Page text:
Aside from doing photography, I also work as the marketing director for a restaurant. Part of the fun of my job is that, since I do photography professionally, I get to do all the work they used to hire a freelancer to do. That means I get lots of opportunities to shoot food and interiors.
I’ve just started looking at doing more food for the pub at the hotel, so today, I shot this photo of a burger. I’m quite pleased with it, because it makes me hungry. Nothing profound to say about it. I just wanted to share it.
Some people are intimidated by shooting raw fils on their camera. Jpeg files are ready to go right out of the camera. While their convenience is undeniable, jpeg files don’t give you a full indication of what your camera is capable of. It’s like having a Ferrari and driving at the posted speed limit. No where is this more obvious then when you’re shooting in scenes with high dynamic range.
Landscape photos are something I really enjoy shooting, but the results straight out of the camera can tend to be a bit frustrating, as your camera can never capture the full range of tones between dark and light that your eye can. To get around this, many people have flocked to the technique of HDR. I love a good HDR (and loathe a bad one) but at times HDR files aren’t practical. Learning to process them well is a long-term project. I see a lot more badly processed HDRs (in my subjective opinion) than well processed ones.
Your camera’s raw files aren’t high dynamic range, but they are higher dynamic range than JPEGs are. This means that if you have a library of raw files, even if you don’t shoot HDR brackets, you may still have the power to unlock hidden shadow and highlight detail to make your pictures look more like what you saw when you were there.
If you haven’t shot raw before, consider starting. You will need software to process the raw files. Your camera comes with some, but the gold standard for processing raw files for high-end point and shoot or DSLR cameras is the Adobe Camera Raw engine. It’s found in Photoshop CS6, Lightroom 4 and most of the important parts are now found in Photoshop Elements 11, which you can often find on sale around the holidays for a song ($50 to $70 is pretty normal).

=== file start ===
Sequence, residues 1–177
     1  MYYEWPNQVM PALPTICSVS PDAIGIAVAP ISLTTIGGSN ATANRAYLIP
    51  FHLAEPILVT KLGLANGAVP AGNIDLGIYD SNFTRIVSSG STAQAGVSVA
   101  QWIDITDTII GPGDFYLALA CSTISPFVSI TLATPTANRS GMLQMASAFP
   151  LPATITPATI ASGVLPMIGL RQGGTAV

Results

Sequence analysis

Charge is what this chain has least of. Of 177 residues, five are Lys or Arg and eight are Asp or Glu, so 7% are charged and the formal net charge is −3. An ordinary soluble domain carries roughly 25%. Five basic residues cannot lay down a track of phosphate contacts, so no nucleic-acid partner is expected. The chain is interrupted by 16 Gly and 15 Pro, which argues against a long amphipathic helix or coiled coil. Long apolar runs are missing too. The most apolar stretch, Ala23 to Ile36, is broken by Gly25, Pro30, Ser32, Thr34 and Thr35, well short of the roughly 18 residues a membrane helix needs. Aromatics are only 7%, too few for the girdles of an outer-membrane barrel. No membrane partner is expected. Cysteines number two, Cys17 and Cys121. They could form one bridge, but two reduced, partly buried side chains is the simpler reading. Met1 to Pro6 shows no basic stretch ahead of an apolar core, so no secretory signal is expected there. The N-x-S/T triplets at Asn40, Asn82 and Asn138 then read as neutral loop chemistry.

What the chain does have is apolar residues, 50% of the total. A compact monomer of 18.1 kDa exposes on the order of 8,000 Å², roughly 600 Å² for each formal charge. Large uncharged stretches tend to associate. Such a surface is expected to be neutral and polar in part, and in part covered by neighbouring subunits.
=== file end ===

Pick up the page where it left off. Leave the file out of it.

One note: if you do shoot raw files, when you bring them in to your computer to process, the out-of-the-box look will tend to be flat and a bit dull. Your camera processes the image data to make a jpeg and assigns settings like white balance, contrast and sharpening when it makes the JPEG. This often creates a nice image, but it’s a one-size-fits-all solution, and your good images could use some individual attention.
Below is an example of a single camera raw file, right out of the camera, compared with the results I was able to get using the develop module in Adobe Photoshop Lightroom 4. The tools in that software are based on the Adobe Camera Raw engine, so if you have Photoshop, they layout of the controls is different, but the function of the various tools and sliders is identical. If you’re using Lightroom 3, or Photoshop CS5, the upgraded camera raw engine is, in my opinion, worth the price of the upgrade.